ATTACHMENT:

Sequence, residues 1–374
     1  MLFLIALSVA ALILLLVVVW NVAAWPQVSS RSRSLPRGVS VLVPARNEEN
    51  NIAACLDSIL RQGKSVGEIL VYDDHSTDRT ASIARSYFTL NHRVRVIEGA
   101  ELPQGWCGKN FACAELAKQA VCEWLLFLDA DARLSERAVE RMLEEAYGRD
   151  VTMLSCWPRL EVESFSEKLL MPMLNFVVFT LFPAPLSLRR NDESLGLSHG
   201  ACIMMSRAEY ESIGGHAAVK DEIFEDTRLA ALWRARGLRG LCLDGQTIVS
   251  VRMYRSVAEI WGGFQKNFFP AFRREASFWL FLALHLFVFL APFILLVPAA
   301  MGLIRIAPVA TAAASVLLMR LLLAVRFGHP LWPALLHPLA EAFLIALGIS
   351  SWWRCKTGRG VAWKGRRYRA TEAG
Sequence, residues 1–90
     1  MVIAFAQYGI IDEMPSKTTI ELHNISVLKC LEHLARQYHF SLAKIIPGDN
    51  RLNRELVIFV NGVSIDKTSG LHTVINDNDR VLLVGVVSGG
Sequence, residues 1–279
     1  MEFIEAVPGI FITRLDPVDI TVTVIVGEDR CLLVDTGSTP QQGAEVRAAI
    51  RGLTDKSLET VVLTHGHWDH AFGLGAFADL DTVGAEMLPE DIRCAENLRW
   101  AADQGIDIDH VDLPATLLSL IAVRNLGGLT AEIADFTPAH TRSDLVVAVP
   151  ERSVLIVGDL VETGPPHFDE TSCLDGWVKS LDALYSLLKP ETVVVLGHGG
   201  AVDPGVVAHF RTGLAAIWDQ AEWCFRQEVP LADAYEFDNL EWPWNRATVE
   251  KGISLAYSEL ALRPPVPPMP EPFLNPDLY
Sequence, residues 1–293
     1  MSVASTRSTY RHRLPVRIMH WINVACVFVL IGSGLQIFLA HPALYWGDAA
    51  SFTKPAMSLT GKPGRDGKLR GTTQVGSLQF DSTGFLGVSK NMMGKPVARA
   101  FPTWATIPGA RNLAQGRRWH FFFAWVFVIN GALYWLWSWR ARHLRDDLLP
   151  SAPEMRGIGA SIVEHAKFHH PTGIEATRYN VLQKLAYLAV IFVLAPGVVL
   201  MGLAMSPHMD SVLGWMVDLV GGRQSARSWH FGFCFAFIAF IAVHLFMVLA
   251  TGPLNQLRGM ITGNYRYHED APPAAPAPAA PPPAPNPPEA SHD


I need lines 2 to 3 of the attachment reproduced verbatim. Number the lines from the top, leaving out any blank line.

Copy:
     1  MLFLIALSVA ALILLLVVVW NVAAWPQVSS RSRSLPRGVS VLVPARNEEN
    51  NIAACLDSIL RQGKSVGEIL VYDDHSTDRT ASIARSYFTL NHRVRVIEGA